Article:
Conor McPherson's The Weir is a play set in rural Ireland, combining tales of the supernatural with closely observed dramatic naturalism. It was first performed at the Royal Court Theatre Upstairs at the Ambassadors Theatre on West Street, London, on 4 July 1997.
The play is set in a small pub in 'northwest Leitrim or Sligo'. Locals Jack and Jim are having a few drinks with Brendan, the pub's owner, when bigshot Finbar arrives with Valerie, a woman in her thirties who has recently moved to the area from Dublin. After some awkward politeness, the men begin to tell Valerie about the local area, including the weir that was opened in the 1950s. As they compete with each other to impress the newcomer, they fall into an exchange of spooky stories of supernatural happenings related to their own experience or that of others in the area. As the stories become increasingly frightening, it becomes clear that Valerie has a story of her own to tell – a story of personal bereavement that not only explains her recent move from Dublin but also has a profound effect on the men listening to her.
The Royal Court premiere was staged in the adapted Ambassadors Theatre on West Street while the theatre's premises in Sloane Square were undergoing refurbishment. It was directed by Ian Rickson and designed by Rae Smith, with Kieran Ahern as Jim, Brendan Coyle as Brendan, Julia Ford as Valerie, Gerard Horan as Finbar and Jim Norton as Jack.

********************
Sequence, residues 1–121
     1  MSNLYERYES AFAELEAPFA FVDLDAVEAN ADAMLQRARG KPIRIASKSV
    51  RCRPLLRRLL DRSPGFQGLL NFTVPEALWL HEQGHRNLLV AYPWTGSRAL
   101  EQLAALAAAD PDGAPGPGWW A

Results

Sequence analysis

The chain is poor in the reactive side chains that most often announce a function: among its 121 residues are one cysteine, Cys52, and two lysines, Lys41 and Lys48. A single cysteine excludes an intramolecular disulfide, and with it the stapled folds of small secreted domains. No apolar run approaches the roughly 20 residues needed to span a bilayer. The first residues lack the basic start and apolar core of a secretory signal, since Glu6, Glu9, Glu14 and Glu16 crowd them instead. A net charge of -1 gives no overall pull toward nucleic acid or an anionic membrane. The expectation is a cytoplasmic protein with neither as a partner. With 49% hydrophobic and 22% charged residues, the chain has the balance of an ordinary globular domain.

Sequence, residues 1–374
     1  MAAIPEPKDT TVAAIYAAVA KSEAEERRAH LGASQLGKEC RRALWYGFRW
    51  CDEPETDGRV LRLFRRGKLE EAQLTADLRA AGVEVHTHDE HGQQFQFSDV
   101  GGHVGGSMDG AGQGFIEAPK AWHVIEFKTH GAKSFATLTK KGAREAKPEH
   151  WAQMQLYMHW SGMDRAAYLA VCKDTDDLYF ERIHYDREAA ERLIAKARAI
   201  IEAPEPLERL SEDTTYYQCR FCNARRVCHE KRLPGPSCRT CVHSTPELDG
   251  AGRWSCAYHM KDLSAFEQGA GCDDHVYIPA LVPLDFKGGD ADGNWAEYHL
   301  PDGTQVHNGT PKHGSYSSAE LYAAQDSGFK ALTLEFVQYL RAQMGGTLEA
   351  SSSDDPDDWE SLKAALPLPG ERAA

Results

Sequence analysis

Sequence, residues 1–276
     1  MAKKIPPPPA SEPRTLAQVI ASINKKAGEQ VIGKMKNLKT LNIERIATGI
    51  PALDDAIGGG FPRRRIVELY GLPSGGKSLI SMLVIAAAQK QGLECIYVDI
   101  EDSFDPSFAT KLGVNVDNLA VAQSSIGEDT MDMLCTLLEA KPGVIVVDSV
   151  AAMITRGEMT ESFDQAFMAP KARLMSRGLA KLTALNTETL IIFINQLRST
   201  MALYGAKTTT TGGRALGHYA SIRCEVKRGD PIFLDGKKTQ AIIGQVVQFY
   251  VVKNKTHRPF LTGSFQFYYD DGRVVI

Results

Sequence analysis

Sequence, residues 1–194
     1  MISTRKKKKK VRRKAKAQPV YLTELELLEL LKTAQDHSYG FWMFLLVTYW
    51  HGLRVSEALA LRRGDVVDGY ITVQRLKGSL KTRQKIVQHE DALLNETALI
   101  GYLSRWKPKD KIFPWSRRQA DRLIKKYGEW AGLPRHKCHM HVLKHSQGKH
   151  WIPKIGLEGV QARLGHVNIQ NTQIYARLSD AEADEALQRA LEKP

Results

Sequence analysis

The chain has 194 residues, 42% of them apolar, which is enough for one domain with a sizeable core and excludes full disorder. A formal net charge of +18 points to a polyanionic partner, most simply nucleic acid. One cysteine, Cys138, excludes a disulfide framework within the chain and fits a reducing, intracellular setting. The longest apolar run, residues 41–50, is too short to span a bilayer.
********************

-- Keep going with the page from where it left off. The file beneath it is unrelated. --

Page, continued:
Critical reception was very favourable and the play went on to win the Olivier Award for Best New Play in 1999. McPherson also won the Evening Standard and Critics' Circle Awards for Most Promising Playwright.
The production transferred to the Duke of York's Theatre in the West End on 18 February 1998, where it played for two years with successive cast changes. When the reopening of the Sloane Square premises was delayed, The Weir was instrumental in keeping the Royal Court going while 'in exile'.
The Weir has since been performed very widely, including on Broadway in 1999. It received a major West End revival at the Donmar Warehouse in 2013, and transferred to the West End once again. It was voted one of the hundred most significant plays of the twentieth century in a poll conducted by the National Theatre in 2000.